New York, Jun 18: The first recorded Ebola outbreak may have occurred in ancient Greece more than 2,400 years ago, a new study suggests. Most researchers believe that the first outbreak of Ebola happened in 1976, in the Democratic Republic of Congo (then known as Zaire).
The current outbreak of the virus which began in early 2014 in West Africa has infected more than 27,000 people and killed nearly 11,200.
However, the Ebola virus may be quite old; previous research discovered remnants of identical Ebola DNA in several different species of rodents, including the mouse and the Norway rat.
This led scientists to speculate that Ebola infected the ancestors of these species at least 20 million years ago.
The ancient nature of the disease "raises the question of whether Ebola may have spilled over from its animal reservoir to humans well before scientists first identified it in 1976," study author Powel Kazanjian, a professor of history and infectious diseases at the University of Michigan, told Live Science.
Kazanjian suggests that an Ebola virus may have been the culprit in the infamous Plague of Athens, a five-year epidemic that began in 430 BC, whose cause has long been a matter of conjecture among physicians and historians.
The Athenian illness began with an abrupt onset of fever, headache, fatigue, and pain in the stomach and extremities, accompanied by furious vomiting.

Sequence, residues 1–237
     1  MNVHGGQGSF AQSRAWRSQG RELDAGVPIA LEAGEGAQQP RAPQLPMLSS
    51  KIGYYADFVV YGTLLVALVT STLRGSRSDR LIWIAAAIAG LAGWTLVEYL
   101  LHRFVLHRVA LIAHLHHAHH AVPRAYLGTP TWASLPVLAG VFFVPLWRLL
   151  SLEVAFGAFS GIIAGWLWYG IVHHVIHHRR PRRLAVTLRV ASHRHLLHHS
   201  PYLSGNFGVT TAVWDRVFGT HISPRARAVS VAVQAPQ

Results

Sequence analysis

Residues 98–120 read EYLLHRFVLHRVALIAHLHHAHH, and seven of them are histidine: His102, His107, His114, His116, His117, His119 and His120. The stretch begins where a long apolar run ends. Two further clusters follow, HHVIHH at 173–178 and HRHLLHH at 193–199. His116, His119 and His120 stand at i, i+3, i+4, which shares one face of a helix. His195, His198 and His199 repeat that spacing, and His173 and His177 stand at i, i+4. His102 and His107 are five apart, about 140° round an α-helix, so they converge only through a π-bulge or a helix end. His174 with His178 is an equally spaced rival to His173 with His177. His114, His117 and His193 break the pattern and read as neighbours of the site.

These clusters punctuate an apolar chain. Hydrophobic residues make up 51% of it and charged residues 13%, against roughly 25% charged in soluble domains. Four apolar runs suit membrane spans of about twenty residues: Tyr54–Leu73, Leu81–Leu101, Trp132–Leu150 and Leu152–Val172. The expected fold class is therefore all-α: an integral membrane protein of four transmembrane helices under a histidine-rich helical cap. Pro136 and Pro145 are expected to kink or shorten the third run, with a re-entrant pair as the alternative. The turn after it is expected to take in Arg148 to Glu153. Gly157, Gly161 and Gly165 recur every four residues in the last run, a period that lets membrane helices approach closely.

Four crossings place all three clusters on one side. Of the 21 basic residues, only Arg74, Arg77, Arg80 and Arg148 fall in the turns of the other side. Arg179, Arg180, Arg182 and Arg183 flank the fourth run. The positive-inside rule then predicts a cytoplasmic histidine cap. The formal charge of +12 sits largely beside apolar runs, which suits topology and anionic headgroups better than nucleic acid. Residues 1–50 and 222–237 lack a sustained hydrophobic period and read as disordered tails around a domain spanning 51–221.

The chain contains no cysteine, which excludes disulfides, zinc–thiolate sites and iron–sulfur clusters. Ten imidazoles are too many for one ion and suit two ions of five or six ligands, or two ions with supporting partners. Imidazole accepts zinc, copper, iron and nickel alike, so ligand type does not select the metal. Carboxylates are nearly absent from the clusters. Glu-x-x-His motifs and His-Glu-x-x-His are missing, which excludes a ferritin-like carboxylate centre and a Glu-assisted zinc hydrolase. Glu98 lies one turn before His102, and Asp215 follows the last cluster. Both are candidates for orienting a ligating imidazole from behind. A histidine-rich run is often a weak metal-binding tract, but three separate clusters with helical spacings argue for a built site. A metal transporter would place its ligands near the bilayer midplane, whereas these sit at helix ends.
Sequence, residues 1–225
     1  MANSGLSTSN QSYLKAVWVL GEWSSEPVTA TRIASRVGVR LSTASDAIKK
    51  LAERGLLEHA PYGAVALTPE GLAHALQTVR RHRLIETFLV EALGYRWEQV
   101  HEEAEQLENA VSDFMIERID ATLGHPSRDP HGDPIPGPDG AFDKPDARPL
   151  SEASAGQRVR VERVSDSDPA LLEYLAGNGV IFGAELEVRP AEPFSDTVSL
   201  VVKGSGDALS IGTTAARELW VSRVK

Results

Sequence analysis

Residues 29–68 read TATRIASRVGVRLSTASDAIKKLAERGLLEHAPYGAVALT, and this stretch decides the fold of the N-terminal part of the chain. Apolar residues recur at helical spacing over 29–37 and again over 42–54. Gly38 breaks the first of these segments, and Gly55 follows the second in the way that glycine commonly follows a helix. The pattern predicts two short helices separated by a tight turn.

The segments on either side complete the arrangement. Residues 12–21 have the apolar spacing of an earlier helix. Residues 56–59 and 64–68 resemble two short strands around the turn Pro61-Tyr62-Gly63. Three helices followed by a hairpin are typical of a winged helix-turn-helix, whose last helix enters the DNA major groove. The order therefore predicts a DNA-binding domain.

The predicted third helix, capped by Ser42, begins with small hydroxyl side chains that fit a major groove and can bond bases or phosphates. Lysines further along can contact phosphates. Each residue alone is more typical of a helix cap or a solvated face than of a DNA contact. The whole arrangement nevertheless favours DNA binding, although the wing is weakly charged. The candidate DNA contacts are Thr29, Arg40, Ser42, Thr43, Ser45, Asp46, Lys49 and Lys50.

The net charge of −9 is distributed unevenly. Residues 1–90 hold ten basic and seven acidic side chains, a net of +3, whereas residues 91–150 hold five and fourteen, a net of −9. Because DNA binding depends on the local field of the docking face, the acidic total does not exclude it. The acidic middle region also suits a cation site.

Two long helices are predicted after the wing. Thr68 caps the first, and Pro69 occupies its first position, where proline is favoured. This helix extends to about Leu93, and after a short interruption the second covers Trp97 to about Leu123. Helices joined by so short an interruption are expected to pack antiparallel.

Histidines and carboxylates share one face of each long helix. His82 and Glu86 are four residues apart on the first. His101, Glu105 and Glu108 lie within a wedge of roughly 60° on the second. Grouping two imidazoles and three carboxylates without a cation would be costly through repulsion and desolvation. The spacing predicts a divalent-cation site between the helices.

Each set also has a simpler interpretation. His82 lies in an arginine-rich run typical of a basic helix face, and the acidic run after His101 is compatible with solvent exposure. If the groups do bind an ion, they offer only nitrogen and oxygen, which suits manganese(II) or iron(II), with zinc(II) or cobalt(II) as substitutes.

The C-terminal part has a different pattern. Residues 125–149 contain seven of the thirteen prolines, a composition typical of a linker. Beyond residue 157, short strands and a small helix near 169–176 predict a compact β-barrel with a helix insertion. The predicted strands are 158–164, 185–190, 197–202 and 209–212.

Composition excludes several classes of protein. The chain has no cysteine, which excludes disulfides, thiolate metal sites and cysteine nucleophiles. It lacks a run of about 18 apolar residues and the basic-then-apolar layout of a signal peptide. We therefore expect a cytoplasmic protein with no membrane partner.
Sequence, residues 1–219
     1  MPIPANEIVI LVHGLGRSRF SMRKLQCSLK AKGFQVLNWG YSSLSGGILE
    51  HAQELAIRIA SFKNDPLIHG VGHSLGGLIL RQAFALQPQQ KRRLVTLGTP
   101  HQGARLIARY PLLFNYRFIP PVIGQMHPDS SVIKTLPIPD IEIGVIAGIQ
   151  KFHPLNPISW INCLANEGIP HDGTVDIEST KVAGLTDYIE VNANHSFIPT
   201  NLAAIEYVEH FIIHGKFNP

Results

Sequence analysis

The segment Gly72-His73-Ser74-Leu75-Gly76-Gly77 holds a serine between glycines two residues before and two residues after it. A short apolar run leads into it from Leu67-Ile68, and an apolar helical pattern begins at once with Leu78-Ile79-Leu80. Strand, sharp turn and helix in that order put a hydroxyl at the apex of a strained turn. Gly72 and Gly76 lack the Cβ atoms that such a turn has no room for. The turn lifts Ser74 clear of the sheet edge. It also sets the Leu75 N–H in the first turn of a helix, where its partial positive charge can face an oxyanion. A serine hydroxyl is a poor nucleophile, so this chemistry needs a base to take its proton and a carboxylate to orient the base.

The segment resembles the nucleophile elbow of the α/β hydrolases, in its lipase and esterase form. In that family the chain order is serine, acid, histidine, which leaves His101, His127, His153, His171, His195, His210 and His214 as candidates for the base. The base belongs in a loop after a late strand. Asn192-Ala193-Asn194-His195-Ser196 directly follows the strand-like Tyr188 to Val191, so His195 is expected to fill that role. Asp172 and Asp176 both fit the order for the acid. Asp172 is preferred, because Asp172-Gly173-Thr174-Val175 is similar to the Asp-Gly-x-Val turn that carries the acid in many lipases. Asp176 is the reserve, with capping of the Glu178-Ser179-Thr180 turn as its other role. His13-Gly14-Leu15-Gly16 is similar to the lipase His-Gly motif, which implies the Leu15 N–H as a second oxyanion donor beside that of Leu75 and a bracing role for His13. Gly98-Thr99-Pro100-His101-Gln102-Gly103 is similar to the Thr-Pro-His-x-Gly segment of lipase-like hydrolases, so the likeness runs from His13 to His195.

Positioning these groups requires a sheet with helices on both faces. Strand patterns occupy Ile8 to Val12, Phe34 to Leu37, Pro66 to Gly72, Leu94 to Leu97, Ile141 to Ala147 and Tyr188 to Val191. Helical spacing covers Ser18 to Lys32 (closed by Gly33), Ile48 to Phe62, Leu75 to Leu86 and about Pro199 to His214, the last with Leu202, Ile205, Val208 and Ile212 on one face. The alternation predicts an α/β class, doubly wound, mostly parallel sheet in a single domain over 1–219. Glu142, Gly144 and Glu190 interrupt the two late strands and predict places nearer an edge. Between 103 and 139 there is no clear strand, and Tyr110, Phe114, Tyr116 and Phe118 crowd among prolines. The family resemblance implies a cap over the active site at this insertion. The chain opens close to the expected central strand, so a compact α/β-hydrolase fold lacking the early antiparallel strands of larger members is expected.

Those who survived after seven days of illness also experienced severe diarrhea.
The Athenian disease began south of Egypt in a region called "Aethiopia," a term that ancient Greeks used to refer to regions in sub-Saharan Africa, where modern Ebola outbreaks have occurred, Kazanjian said.
In the ancient world, sub-Saharan Africans migrated to Greece to work as farmers or servants, thereby providing a potential human vector for Ebola.
Kazanjian argued that the symptoms, mortality rate and origin in sub-Saharan Africa that characterise the Plague of Athens are consistent with what is known about Ebola.
He added that physicians were among the first victims of the Athenian disease, just as modern health care workers have proven especially vulnerable to Ebola, with nearly 500 dying from the virus in the current outbreak as of January.
"Diseases like Ebola, which we sometimes lump into the category of a new or emerging disease, may actually be much older than we realise," Kazanjian said. The study was published in the journal Clinical Infectious Diseases.